Assessing the FBI's Native American STR database for random match probability calculations

Jillian Ng, Robert F. Oldt, Sreetharan Kanthaswamy

Research output: Contribution to journalLetterpeer-review

4 Scopus citations


In forensic statistics, the random match probability (RMP) is the probability that a “match” would occur by coincidence while the likelihood ratio (LR) describes the strength of DNA evidence. Using these statistics to assess the weight of DNA evidence requires an appropriate and well-characterized population-specific short tandem repeat (STR) database to reliably estimate allele frequencies. This study compared several Native American-specific STR datasets, including those not represented in the CODIS Native American database, and revealed that increasing the number of STR markers resulted in lower RMP values while a θ adjustment from 0.03 to 0.04 generated increases in RMP. To prevent biases that may arise from the underrepresentation of tribes in the current CODIS Native American database, data derived from tribes in different geographic regions and language families are necessary to ensure inclusive representation of the Native American population and generate more reliable statistical results.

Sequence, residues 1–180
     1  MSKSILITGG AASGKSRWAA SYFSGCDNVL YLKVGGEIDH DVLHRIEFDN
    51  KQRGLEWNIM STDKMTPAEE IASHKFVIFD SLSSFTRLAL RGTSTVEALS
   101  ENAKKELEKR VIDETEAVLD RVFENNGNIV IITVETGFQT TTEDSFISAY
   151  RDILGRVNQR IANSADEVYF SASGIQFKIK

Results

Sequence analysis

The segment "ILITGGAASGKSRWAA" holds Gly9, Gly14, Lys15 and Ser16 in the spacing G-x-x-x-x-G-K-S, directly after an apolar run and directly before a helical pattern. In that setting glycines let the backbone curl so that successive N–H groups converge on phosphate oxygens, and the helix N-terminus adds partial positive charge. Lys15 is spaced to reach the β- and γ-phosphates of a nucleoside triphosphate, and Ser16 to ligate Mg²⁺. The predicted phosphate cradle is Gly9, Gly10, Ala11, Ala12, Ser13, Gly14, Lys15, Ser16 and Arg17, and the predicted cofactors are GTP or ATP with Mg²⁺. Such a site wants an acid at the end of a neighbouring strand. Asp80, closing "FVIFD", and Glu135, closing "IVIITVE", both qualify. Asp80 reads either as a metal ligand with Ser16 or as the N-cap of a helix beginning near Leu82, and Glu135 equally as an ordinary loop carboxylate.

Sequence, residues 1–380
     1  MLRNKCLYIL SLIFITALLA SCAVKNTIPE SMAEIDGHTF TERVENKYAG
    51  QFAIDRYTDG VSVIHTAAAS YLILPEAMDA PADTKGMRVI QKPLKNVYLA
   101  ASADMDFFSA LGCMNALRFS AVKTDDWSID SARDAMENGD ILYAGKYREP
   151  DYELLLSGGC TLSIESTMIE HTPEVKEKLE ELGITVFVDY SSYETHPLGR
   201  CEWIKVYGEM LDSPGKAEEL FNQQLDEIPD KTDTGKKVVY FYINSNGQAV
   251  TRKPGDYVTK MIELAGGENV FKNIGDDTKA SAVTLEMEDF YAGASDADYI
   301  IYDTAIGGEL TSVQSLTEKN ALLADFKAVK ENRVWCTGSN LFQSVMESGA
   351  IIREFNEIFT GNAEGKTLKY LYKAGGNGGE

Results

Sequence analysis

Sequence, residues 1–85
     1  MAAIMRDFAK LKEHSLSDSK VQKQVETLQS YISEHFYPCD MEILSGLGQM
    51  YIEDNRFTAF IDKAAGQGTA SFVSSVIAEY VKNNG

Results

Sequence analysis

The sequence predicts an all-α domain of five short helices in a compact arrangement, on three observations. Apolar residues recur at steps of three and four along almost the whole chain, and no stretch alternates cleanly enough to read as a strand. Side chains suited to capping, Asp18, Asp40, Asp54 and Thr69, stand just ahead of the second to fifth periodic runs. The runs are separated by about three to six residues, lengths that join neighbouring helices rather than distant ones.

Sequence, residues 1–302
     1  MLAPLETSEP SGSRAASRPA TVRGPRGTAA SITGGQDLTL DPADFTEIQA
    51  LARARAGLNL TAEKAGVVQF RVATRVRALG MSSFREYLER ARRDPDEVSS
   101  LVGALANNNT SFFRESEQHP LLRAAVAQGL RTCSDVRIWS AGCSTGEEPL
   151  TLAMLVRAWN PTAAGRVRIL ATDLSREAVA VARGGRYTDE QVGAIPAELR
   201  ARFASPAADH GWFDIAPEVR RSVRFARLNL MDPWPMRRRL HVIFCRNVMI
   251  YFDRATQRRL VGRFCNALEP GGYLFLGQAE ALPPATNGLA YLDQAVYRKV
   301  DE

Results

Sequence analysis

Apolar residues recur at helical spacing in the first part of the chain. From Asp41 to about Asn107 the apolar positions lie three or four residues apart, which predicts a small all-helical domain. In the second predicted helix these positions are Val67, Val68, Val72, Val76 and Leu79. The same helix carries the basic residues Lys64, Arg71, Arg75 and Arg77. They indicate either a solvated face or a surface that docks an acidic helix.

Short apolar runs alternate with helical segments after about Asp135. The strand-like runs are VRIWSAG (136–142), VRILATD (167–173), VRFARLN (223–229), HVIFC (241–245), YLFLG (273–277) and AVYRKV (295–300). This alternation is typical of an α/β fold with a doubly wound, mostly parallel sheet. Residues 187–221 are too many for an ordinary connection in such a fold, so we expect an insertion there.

Original languageEnglish (US)
Pages (from-to)52-55
Number of pages4
JournalLegal Medicine
StatePublished - Jan 1 2018


  • Forensic science
  • Likelihood ratio
  • Native American
  • Random match probability
  • Substructure adjustment

ASJC Scopus subject areas

  • Pathology and Forensic Medicine
  • Issues, ethics and legal aspects


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